During the first week of its release in the UK (September 24, 2010), Budrus ranked No. 1 on the British-based film review website, The Critic List, which includes top critics from Total Film, The Guardian, TimeOut London, Little White Lies – Independent Film Magazine, and The Evening Standard.[18] Tom Dawson of Total Film gave the film four stars and called it "a timely testimony to the power of peaceful resistance."[19] Peter Bradshaw of The Guardian gave Budrus four out of five stars stating that "this involving film is an eye-opener." He also argues that "what is so arresting about Bacha's film is that it shows something about the Israeli wall that I hadn't grasped. It doesn't just simply separate the Israelis from the Palestinians, but wanders on to the Palestinian territory, meandering and looping around: the idea is not merely to stop movement into Israel but covertly to impose paralysis within the Palestinian zone itself."[20] Tom Huddleston of TimeOut London gave it four out of five stars and argues that, "In refusing to romanticise the villagers or demonise their aggressors, she presents a stark and wholly believable portrait of the Middle East conflict in microcosm, while her welcome focus on character over political point-scoring gives Budrus a weighty emotional kick."[21] Liz Haycroft of Little White Lies – Independent Film Magazine gave Budrus three out of five stars and states, "By incorporating interviews with an Israeli Border Police captain and a spokesman from the military police, Budrus presents a relatively balanced view of the dispute, particularly for those unfamiliar with the regional politics. And yet from the very beginning, it’s difficult to fathom how one country can enter a region and declare parts of it their own, without expecting some kind of resistance. The people of Budrus, and their choice of peaceful protest, can only be admired."[22] Derek Malcolm of The Evening Standard gave the film four out of five stars and notes that the "film seems designed to prove what can be done by relatively peaceful means. But it is at its best when we see how Morror gradually moves into a position of moral strength. You can scarcely believe the foolishness of the Israeli authorities, but you never get the sense that the film is taking sides."[23] In addition, Budrus received four stars from The Daily Telegraph[24] and the Financial Times.[25]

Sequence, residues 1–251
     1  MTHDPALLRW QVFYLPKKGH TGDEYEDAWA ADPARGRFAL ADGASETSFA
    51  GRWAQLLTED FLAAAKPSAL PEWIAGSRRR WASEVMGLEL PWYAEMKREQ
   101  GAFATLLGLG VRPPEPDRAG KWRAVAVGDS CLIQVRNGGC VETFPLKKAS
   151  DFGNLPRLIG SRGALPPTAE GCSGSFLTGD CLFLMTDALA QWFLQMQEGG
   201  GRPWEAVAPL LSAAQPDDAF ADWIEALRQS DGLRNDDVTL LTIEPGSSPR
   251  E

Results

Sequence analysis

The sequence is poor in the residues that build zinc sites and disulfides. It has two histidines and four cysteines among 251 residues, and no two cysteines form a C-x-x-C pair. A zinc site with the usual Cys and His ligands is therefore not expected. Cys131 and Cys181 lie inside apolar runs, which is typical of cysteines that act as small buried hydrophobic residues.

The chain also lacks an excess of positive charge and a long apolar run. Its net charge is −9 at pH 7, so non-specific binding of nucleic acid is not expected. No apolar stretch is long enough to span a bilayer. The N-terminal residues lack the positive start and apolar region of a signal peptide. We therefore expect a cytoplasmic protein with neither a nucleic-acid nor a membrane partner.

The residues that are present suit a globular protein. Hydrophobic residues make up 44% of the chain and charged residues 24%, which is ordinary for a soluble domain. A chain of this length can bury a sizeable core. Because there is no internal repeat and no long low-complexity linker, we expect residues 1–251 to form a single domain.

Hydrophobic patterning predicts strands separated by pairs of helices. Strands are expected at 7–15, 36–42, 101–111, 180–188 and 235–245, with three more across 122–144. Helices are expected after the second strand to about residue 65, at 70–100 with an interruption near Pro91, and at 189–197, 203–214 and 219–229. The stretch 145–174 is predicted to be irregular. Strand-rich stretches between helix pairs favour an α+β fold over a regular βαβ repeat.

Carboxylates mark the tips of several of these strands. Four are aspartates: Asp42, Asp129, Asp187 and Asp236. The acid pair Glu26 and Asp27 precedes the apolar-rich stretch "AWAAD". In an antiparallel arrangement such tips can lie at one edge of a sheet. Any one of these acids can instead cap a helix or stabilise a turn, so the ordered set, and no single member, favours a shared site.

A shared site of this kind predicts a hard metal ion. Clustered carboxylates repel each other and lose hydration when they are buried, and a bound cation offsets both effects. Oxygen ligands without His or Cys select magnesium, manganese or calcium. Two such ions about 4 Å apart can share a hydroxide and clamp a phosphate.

In the United States, Budrus was listed as a "Critic's Pick" by New York Magazine[26] and Ann Hornaday of The Washington Post.[27] Hornaday later questioned why Budrus was "inexplicably left off" the Oscars nomination list for best documentary stating that "if there was an Arab-Israeli "slot" in the noms, my nod would have gone to Budrus."[28] Kenneth Turan of the Los Angeles Times called Budrus a "surprisingly heartening" film and stated that, "What's most gratifying about "Budrus" is that the film enables us to feel some of the same emotions the participants experienced."[29] Michael Phillips of the Chicago Tribune gave Budrus three and a half stars referring to it as "Julia Bacha's fine, humane documentary" that "makes you believe people can get things done, if they think in terms of coalitions and principles and methods other than brute force."[30] Mike Hale of The New York Times called Budrus an "engrossing and sometimes inspiring" film and stated that it is, "Eyes on the Prize with olive trees."[31] Ella Taylor of The Village Voice referred to Budrus as, "Julia Bacha’s mostly fair-minded documentary."[32] Alissa Simon of Variety called Budrus a "poignant" and "inspiring" documentary. While she argued that the "pic fails to provide a sense of chronology" or the impact of the demonstrations on everyday life, Simon also stated that, "these are small criticisms when compared to the pic's useful analysis of what constitutes model conflict resistance."[33] Chuck Bowen of Slant Magazine gave the film two and half out of four stars arguing that, "Budrus is passionately, more-than-competently made, but it's a civics lesson that doesn't quite shake you to your core."[34] Nick Schager of Time Out New York gave the film two out of five stars and argued that, "documentaries warrant viewpoints, but they should also provide perspective on more than one side of a contentious issue."[35]